Playing fetch with your dog is a great way to burn off their extra energy and bond with your pet.
But let’s face it, not every dog likes to retrieve or bring back their favorite toy. We can work up to “Fetch” by rewarding our successes (called close approximations in dog training lingo) to the end result, in other
words using “SHAPING”.
The Basics: Come
First, you’ll need to teach your dog how to “come back to you.”
1. Get your dog’s favorite treat or toy (high value) and another not so favorite treat or toy (low value) and start inside the house.
2. Move a few feet away from your dog, throw a low value treat or a toy to the floor and call him back as soon as he grabs the treat.
3. Say your dog’s name followed by the command. Start bubbling up (use a higher pitched mouse like voice) and take a few steps back.
4. When he comes to you, reward the behavior by giving him the high value treat.
5. Repeat until he starts to understand and then begin to practice outside.
6. Move farther and farther away and repeat. Use a long leash if you are at the park or in a place with lots of distractions.
7. Once your dog is comfortable with this task, start to add distractions like other people, toys, or head out into your yard to test their skills.
-Always keep it positive and keep your sessions short, and always end on a good note. We want your dog to perceive training as fun and rewarding!
Once you can reliably call your dog over, you’re ready to start turning this behavior into a game.
How to Teach Your Dog to ‘Fetch’
Step 1: Introduce the Fetch Toy and Grab it
It is very helpful to choose a toy that your dog loves and only let him have the toy while you are working on this training. In that way, he is more likely to pick it up more than a few times.
Start by showing the beloved toy to your dog. Tease him up using a high pitched mouse like voice and when he grabs the toy we are going to say “good boy” “good girl” or ‘yes” followed by a treat. We want to pair our praise with something very positive and at the same time build a positive association with grabbing our mouthing the toy. This is the key to a successful start.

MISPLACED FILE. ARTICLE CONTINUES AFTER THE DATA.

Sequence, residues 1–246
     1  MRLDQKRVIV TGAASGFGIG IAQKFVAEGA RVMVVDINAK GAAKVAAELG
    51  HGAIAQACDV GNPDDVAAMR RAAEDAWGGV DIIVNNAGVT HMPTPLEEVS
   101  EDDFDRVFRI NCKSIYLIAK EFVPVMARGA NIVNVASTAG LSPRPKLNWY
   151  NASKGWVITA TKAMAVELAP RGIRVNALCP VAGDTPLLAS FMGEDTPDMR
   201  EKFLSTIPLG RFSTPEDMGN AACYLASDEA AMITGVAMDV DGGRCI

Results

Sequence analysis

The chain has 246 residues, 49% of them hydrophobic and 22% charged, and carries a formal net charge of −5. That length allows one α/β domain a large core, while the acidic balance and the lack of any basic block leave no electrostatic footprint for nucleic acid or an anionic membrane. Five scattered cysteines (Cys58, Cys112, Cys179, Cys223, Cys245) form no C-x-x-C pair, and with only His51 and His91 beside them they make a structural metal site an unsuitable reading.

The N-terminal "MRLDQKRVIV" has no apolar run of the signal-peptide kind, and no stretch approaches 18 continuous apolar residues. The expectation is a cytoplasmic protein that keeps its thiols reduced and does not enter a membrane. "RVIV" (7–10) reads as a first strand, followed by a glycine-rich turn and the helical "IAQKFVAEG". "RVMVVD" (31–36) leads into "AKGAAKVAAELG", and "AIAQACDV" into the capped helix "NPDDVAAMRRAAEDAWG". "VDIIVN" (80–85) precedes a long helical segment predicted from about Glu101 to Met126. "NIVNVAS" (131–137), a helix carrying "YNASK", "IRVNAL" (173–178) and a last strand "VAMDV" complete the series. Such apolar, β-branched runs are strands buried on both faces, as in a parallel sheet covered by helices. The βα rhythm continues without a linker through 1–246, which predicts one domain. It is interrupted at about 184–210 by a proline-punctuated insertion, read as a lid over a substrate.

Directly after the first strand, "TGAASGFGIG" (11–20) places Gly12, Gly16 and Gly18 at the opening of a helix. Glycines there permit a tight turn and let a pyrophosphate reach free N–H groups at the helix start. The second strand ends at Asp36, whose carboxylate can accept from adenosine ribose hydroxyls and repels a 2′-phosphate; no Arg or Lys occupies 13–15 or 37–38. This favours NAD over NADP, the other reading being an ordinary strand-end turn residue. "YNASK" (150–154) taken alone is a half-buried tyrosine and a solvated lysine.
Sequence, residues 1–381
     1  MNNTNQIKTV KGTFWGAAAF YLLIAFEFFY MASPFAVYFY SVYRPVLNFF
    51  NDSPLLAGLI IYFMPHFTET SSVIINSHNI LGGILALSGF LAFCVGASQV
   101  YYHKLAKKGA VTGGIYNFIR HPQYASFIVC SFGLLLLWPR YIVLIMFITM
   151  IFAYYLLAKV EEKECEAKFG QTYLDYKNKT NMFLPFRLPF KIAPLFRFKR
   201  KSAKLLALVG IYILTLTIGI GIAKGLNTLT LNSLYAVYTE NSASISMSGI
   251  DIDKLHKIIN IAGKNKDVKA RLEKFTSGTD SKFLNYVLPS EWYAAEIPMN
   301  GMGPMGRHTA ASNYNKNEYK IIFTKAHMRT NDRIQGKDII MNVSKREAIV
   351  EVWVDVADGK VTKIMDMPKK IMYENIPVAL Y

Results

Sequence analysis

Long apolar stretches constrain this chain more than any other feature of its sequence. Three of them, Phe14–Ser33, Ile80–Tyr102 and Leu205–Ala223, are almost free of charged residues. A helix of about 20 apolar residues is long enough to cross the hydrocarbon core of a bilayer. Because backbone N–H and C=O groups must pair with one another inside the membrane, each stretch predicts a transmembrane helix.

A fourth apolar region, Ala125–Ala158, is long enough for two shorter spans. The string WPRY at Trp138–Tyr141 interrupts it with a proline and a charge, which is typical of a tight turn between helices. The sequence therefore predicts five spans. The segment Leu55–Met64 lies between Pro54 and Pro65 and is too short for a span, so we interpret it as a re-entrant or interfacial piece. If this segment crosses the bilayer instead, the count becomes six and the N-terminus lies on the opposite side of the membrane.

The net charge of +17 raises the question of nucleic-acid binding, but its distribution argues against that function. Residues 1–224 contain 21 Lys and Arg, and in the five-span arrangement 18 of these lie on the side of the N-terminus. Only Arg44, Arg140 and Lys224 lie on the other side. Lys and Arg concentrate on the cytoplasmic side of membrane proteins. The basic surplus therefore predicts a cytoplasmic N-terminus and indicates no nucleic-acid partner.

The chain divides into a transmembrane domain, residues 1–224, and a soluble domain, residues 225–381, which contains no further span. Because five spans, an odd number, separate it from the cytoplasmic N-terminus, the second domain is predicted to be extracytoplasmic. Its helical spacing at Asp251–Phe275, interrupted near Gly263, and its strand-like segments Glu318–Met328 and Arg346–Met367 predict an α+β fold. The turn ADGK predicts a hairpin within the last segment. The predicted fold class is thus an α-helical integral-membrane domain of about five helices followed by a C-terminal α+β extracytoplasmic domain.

You can do this for 6 or 7 repetitions- 2 times a day for as long as your dog needs it.
Step 2: Throw it next to me
Now, your dog is starting to figure out that grabbing the fetch toy leads to treats. So, next time you do the task in step one we are going to build on it. You have probably noticed that your dog eventually gets tired of holding or mouthing the toy you use for training (and only training). He throws the fetch toy next to you and walks away or lays down to tell you he is done. Well, next time he does this use your praise word and give him a treat.
After you do this a couple of reps start throwing the toy a few feet away from you. As soon as your dog picks up the toy bubble up say your come command and take a few steps back. Once he gets to you show him the treat and when he throws the toy give him the treat.
If he doesn’t show any interest regarding coming back to you get a higher treat, like a slice of cheese or a chicken strip and build his interest. If toys are more rewarding than food, give a toy as THE REWARD. You can attach a leash to your dog’s collar and pull it a little towards you once he has the toy to help remind him to come him towards you.
Practice inside the house in a low-distraction area and repeat this step a few times each session.
In this learning stage of learning you can add the word ‘Fetch’ or ‘Bring it’
Step 3: Building distance and adding distractions
Now that you have the behavior of your dog returning a treat or toy that’s only a few feet away, you want to start adding distance. Take it slow. Set yourself and your dog up for success.
Slowly add distance to the game, and when you have run out of room in the house, go outside to a quiet place and continue the game.
You can add people or dogs to your distractions too.
The musts in dog training
1. Keep it fun
2. Keep your sessions short and easy, always end it in a good note.
3. Have patience
4. Have fun! Remember the command you are trying to achieve is a game for your dog and its made to build a strong bond and communication with your dog
5. Keep track of your achievements and take slow, successful steps, Rome wasn’t built in one day!